How to Clean Storm Windows

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Listen to BOB VILA ON CLEANING STORM WINDOWS or read the text below:

Do the job from inside the house, removing each panel that’s nearest you. If it’s a triple-track storm window, start by lowering the screen nearly to the bottom of its track, pressing inward on the spring-loaded tabs at the bottom of the screen. Then, holding the tabs inward, wiggle the screen a little, pushing up slightly on one side, to pull the screen toward you and out of its track. Repeat the process on the glazed sash, again working with the track nearest you. Be sure to note which windows and screens go where, since you’ll need to replace them as they were after you’ve given them a good cleaning.

If yours are wood storm windows, either fixed or operable, removing the windows for cleaning may be overly laborious or simply not possible, depending on circumstances. Clean these windows from the outside. You’ll be surprised by what a difference it makes!

Bob Vila Radio is a newly launched daily radio spot carried on more than 60 stations around the country (and growing). You can get your daily dose here, by listening to—or reading—Bob’s 60-second home improvement radio tip of the day.


Bob Vila Radio: Installing a Laundry Chute

By installing a laundry chute, you can harness the power of gravity to make one of life's dreaded chores much less strenuous.

Tired of lugging laundry down the basement stairs? Maybe you should consider installing a laundry chute. Kits are available at home centers, or you can build the chute yourself.

Installing a Laundry Chute

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Listen to BOB VILA ON INSTALLING A LAUNDRY CHUTE or read the text below:

To construct the chase—the passage through which you drop clothes to the basement—you have several options for materials: a galvanized heating duct, wood, drywall or melamine. Chutes work best when the chase is larger, say 1 by 2 feet. And make sure any joints are smooth, so clothing articles like socks do not snag on the way down.

Location is key. You’ll need to find a stud bay with unobstructed access to the basement—that is, no electrical wiring, no plumbing. Hallways are often a good bet, especially if their walls run parallel to underlying floor joists.

Use a stud finder to locate two adjacent studs, then cut a small hole in the wall to check for obstructions. If the bay is clear, use a reciprocating saw to cut an opening for the bottom of the chute, downstairs. Once you’ve double-checked that there are no obstructions upstairs, create the hole for the top of the chute.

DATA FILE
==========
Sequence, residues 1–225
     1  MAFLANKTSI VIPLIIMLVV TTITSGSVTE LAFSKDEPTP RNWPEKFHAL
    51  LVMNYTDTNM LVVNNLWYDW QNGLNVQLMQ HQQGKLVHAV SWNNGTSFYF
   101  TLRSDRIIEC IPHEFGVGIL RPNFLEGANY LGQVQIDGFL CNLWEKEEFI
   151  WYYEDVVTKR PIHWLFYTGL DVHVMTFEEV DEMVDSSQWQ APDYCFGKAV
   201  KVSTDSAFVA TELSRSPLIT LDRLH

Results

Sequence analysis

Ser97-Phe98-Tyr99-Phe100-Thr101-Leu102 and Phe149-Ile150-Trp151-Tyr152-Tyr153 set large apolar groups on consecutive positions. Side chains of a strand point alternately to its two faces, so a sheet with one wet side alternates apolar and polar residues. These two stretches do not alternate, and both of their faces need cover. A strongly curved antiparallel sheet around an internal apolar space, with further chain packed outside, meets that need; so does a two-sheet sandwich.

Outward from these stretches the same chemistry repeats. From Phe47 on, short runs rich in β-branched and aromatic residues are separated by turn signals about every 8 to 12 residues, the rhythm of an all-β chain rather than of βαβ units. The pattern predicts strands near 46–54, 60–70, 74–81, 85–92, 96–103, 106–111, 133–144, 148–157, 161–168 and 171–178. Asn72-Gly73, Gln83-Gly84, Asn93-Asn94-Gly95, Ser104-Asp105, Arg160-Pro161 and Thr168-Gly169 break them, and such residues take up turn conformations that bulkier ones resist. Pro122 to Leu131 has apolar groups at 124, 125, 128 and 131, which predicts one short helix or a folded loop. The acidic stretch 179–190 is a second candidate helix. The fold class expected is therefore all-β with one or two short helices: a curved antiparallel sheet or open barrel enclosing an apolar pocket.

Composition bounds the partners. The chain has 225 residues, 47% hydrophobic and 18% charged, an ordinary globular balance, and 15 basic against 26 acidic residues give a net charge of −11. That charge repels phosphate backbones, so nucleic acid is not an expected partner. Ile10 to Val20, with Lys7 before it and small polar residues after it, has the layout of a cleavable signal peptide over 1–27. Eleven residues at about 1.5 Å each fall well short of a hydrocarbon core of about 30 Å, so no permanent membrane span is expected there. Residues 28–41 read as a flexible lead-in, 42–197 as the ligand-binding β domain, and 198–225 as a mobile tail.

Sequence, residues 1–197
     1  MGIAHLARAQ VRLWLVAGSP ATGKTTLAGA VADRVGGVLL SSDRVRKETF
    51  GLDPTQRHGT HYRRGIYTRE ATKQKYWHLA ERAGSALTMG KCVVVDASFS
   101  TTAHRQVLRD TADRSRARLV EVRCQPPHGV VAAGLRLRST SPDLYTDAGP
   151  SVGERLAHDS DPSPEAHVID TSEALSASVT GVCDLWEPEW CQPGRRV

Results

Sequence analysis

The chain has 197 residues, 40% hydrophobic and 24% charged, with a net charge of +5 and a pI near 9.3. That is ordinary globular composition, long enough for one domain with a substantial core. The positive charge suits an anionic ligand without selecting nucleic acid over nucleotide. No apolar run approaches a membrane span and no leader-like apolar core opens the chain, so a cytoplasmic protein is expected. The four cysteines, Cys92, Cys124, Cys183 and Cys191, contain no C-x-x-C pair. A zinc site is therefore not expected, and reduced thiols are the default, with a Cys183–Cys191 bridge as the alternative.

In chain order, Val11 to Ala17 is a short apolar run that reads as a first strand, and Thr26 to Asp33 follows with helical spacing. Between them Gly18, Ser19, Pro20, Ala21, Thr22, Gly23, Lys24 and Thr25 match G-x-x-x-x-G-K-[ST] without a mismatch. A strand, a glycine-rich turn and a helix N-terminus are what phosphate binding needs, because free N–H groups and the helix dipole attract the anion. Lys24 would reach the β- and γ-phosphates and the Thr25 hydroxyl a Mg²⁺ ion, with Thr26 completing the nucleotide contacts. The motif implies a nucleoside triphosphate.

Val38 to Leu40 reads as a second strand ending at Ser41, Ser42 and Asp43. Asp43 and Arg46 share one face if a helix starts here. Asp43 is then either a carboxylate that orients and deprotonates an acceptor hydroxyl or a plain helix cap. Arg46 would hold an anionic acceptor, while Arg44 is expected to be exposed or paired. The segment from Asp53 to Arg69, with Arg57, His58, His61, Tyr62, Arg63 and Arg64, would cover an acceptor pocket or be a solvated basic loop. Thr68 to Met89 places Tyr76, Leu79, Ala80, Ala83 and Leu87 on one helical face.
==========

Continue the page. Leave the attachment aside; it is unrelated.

Upstairs you’ll also need to remove the base plate between the two studs and cut a hole through the plywood flooring to make room for the chute. Assemble the chute, fit it into the bay, then finish up by trimming out the upstairs end of the chute and installing a door.

Before you start the job, be sure to check local building codes.

Bob Vila Radio is a newly launched daily radio spot carried on more than 60 stations around the country (and growing). You can get your daily dose here, by listening to—or reading—Bob’s 60-second home improvement radio tip of the day.


How To: Clean and Maintain Butcher Block

With easy cleaning and conscientious use, the classic butcher block can last a lifetime—or longer. Here's how to clean and maintain the material.

How to Clean Butcher Block

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Butcher block counters are a perennial favorite in the kitchen, though many homeowners worry about the care and maintenance the surface potentially demands. It’s true that butcher block probably does require a bit more attention than other countertop materials, but it’s not particularly difficult work, and there’s no beating the payoff. Properly cared for, butcher block can last a lifetime. No other countertop boasts such longevity (or forgives so much). If you have butcher block counters or are contemplating the prospect of installing them, read on for details on how to keep these handy surfaces in tip-top shape.

Daily Cleaning